100 years old and counting
La Liberté, Manitoba’s French weekly newspaper, reached an amazing milestone on May 20th - 100 years in existence. That makes it Western Canada’s oldest French newspaper. Established in 1913 by Bishop Langevin and the Oblate Fathers, it’s been connecting Franco-Manitobans province-wide, long before social media ever made its first appearance.
Ink and paper
A newspaper is but ink on paper. What La Liberté is really celebrating is 100 years of stories, big and small, victories and defeats. The Canadian Museum for Human Rights will feature some of the very same themes that have been reflected over the last century in La Liberté’s pages: language rights, Métis rights and the freedom of the press. It’s with the help of democratic tools such as newspapers that human rights can be elevated and brought to light.
Franco-Manitoban in a sea of English
Growing up as a Franco-Manitoban in a sea of English, La Liberté was a like a lifeline to me. By giving me a glimpse into the surrounding French communities, it opened up my world. I was given the gift of a sense of belonging and it’s been part of my life for as long as I can remember.
I have to admit, I have a bit of a love affair with La Liberté. It all began with the dizzying high of winning a color-drawing contest at age 7, which earned me accolades from far and wide (well, from aunts and uncles in neighbouring towns). Any Franco-Manitoban child worth his or her salt fondly remembers Bicolo, the dark-haired, pointy-hat brainchild of Cécile Mulaire.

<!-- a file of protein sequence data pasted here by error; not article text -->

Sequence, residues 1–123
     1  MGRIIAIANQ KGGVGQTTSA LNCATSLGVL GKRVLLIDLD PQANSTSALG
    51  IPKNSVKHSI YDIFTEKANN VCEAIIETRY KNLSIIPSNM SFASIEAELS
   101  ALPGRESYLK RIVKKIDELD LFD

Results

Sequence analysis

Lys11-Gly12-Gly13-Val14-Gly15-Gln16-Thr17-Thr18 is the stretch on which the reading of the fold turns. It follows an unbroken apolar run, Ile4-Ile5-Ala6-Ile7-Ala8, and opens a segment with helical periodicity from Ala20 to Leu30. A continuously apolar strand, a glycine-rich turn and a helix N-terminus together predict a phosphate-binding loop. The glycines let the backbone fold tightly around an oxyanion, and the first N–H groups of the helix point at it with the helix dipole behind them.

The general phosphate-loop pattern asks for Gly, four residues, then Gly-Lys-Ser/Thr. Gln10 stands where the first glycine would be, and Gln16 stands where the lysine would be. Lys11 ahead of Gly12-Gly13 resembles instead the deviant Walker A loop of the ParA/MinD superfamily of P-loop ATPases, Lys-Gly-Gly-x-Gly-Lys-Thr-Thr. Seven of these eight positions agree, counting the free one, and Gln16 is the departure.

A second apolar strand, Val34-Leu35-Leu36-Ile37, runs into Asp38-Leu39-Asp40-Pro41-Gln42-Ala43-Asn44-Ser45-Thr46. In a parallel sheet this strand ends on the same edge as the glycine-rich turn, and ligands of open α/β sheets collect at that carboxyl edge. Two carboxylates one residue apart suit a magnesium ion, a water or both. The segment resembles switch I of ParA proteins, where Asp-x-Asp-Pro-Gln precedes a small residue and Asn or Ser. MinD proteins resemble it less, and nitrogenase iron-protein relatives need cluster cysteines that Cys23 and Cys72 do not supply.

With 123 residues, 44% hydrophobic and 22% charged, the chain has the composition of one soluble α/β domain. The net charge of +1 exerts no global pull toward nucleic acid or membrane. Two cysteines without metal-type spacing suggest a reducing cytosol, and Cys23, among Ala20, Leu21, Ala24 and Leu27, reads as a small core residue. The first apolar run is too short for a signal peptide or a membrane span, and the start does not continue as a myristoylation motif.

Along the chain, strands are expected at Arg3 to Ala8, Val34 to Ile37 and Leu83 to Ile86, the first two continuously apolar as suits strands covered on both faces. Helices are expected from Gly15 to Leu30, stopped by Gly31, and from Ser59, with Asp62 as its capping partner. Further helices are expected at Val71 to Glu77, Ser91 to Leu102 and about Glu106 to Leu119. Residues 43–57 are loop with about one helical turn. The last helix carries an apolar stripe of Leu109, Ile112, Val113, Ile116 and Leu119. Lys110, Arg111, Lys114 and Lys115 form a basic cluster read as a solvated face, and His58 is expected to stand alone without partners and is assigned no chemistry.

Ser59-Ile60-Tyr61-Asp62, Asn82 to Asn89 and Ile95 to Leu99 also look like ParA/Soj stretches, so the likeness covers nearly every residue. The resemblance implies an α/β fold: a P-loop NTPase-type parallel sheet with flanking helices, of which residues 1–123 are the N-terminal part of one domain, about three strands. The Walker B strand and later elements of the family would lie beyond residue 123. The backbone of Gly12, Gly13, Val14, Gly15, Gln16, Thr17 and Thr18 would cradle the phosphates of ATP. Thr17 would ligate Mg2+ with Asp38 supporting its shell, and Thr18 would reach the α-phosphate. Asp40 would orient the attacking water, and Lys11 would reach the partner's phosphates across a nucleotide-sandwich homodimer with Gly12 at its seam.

Later on, as a young adult, La Liberté was vital to any job search since it was a great source for French-related job postings. Today, as an adult, I catch up on what’s going on in my community. I get to see in its pages the people I grew up with, the ones who are today’s community leaders. As a parent with children in the Division scolaire franco-manitobaine, I’m kept up-to-date with what’s happening in the schools. There’s always copy La Liberté lying around somewhere in my house.
To mark its 100th anniversary, La Liberté has planned a series of events and projects. One project that particularly speaks to me is the indexing and digitization of La Liberté’s collection, dating all the way back to 1913. With a click of mouse, young and old will be able to travel back in time and get a peek into the past. They’ll be able to read for themselves how Franco-Manitobans lived through history-shaping events like the language crisis.
Plus now I get to share with my children those heady days of winning a coloring contest at age 7!